1.      What makes a non-stick pan, nonstick? 

 In the case of traditional nonstick, the active ingredient, a polyfluorinated compound, is highly water repellent. It repels the water found in all foods. For ceramic nonstick pans, the repellent is a silicone-based oil contained in the ceramic coating.

2.      Are PTFE chemicals dangerous?  

No. PTFE is not reactive and not dangerous at all.

3.      Have PFOA chemicals been removed from all non-stick frying pans on the market, and if not, how can one be sure they are purchasing a non-stick pan that does not contain PFOA chemicals? 

 Yes, PFOA is no longer used in the production of PTFE coatings by all reputable manufacturers.

4.      If a non-stick frying pan is heated 500 degrees or beyond are the fumes released dangerous?  

PTFE can release noxious smelling fumes if overheated. While this can cause discomfort, there is no evidence of long term harm. These fumes are a danger to birds, which have very sensitive respiratory systems. This is why canaries were carried into coal mines.

5.      If the non-stick frying pan chips or flakes, is it still safe to use?  

Yes. However,  If the coating is in this condition, it has likely lost its nonstick properties.

6.      What steps should consumers take when shopping for a non-stick pan, to ensure they are purchasing the safest and most effective pan?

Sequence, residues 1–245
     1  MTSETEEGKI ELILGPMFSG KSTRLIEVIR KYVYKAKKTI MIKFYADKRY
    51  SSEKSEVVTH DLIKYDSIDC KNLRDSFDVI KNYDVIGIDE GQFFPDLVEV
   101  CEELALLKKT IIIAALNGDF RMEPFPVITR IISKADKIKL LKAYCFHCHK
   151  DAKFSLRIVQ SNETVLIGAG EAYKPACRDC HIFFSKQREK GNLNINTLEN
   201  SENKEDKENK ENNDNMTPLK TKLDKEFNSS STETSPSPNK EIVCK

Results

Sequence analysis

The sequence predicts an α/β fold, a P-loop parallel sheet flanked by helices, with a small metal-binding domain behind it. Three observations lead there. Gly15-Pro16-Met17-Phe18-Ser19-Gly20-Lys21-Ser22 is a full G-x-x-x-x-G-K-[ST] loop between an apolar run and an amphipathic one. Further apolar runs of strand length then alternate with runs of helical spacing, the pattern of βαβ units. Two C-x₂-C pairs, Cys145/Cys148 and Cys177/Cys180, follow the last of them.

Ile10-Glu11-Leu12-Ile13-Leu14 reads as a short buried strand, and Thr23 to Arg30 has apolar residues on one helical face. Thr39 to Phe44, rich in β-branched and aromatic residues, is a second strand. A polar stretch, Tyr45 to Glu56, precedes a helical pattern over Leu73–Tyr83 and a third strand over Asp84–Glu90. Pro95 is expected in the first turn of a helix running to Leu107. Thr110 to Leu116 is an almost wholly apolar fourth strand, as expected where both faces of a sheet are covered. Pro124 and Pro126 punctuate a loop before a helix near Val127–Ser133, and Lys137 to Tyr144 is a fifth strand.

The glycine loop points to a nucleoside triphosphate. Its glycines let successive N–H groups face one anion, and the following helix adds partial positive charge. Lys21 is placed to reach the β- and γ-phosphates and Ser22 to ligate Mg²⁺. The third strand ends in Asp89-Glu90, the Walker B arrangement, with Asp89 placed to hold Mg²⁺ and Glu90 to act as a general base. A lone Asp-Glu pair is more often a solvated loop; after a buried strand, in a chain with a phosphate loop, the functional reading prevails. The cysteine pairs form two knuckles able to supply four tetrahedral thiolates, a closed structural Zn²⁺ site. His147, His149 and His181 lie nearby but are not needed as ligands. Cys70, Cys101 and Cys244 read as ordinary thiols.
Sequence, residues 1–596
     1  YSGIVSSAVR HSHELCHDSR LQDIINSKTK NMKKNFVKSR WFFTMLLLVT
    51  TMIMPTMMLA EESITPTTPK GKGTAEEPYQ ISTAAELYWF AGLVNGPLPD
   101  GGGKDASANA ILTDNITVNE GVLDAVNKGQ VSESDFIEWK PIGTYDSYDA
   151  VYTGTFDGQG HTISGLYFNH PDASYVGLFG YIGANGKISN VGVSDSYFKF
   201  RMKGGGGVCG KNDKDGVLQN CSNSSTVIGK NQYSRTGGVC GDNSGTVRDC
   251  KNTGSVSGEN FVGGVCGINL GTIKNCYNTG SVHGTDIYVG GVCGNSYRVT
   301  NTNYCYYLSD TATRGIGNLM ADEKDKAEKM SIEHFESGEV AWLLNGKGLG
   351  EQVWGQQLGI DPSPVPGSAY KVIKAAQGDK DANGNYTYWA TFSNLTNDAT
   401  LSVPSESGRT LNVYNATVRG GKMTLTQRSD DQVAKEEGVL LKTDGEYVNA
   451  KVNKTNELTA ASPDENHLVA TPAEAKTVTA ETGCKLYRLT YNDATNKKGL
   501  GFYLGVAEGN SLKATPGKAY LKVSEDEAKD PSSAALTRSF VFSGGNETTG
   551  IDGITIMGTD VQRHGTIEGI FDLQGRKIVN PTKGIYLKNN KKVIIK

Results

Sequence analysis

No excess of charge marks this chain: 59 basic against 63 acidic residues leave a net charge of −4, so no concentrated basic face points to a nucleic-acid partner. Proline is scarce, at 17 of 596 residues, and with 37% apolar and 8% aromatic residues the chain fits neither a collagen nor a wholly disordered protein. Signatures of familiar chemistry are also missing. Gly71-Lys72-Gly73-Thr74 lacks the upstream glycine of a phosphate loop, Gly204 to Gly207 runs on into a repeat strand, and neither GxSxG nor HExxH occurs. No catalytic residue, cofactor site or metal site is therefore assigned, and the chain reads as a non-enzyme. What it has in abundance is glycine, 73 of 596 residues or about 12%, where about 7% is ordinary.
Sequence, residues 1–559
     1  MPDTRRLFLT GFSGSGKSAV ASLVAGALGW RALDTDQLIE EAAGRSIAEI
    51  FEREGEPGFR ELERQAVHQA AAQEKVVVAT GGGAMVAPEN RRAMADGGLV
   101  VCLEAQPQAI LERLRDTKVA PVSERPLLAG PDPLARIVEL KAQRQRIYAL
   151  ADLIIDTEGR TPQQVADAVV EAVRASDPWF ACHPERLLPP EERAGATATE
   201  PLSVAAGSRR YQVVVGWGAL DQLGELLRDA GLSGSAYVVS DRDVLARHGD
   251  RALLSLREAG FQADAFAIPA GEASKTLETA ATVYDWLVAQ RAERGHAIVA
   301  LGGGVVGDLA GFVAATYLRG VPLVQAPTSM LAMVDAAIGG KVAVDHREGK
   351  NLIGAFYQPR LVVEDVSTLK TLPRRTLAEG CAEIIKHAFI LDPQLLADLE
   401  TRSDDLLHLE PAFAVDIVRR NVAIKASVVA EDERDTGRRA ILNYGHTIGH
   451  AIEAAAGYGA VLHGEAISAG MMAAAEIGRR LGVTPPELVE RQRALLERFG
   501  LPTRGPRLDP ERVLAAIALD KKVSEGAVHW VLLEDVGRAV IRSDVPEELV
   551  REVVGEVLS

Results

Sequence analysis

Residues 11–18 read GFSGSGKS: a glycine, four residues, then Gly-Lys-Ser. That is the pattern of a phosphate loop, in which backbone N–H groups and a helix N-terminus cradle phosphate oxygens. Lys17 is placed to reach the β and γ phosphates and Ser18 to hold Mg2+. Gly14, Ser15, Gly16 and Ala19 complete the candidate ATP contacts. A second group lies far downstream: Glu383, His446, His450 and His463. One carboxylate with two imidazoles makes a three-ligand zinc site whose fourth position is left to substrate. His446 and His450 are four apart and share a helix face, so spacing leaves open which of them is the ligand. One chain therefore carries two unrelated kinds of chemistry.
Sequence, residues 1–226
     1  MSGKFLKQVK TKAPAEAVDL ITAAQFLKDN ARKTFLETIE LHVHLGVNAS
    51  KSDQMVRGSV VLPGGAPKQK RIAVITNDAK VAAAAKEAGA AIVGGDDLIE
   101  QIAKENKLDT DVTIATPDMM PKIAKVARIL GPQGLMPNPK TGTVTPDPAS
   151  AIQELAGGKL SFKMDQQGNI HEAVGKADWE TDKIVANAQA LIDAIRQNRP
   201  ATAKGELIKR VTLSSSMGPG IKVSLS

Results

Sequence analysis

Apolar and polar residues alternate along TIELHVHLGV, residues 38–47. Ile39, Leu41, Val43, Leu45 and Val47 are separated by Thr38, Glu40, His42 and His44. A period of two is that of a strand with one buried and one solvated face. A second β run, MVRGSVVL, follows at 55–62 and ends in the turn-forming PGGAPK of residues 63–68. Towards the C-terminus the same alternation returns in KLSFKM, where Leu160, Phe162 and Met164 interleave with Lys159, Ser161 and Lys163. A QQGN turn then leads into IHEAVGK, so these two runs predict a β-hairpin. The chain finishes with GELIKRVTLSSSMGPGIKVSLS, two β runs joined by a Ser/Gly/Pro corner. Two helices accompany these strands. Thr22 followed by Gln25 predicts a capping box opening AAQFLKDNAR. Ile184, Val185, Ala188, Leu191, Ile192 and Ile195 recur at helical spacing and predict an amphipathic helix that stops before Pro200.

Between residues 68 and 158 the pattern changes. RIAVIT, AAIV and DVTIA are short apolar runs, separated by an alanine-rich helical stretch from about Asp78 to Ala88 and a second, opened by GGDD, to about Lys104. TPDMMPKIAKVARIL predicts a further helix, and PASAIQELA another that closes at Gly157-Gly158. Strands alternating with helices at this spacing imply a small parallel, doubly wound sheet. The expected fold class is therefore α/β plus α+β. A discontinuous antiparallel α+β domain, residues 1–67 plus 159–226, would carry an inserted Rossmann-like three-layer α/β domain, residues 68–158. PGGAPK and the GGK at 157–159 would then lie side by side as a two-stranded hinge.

a.  Most effective way is to buy from a Cookware Manufacturers Association Member. Members of CMA are committed to highest standards for the manufacture of cookware and bakeware.

b.  Buy from a reputable manufacturer and retailer. 

c . Avoid cheap pans. 

d.  Make sure manufacturer’s name is clearly on packaging and/or product. 

Join Maria Menounos as She Cares for Parents With Cancer, Diabetes & COVID in Powerful Video Diary

It hasn't been easy, but she's dedicated her life to helping them — and loving them.


Maria Menounos has been caring for her parents for years. Her dad has type 1 diabetes, with his blood sugar levels often dropping dangerously low. And her mom was diagnoses with Stage 4 brain cancer, or glioblastoma, in 2016. As if that wasn't enough, she never thought she would also see them hospitalized with COVID-19. It hasn't been easy, but she's dedicated her life to helping them — and loving them. Go inside her emotional journey in a powerful and moving video diary. She's sharing it all to help others find the strength they need in their own journies.

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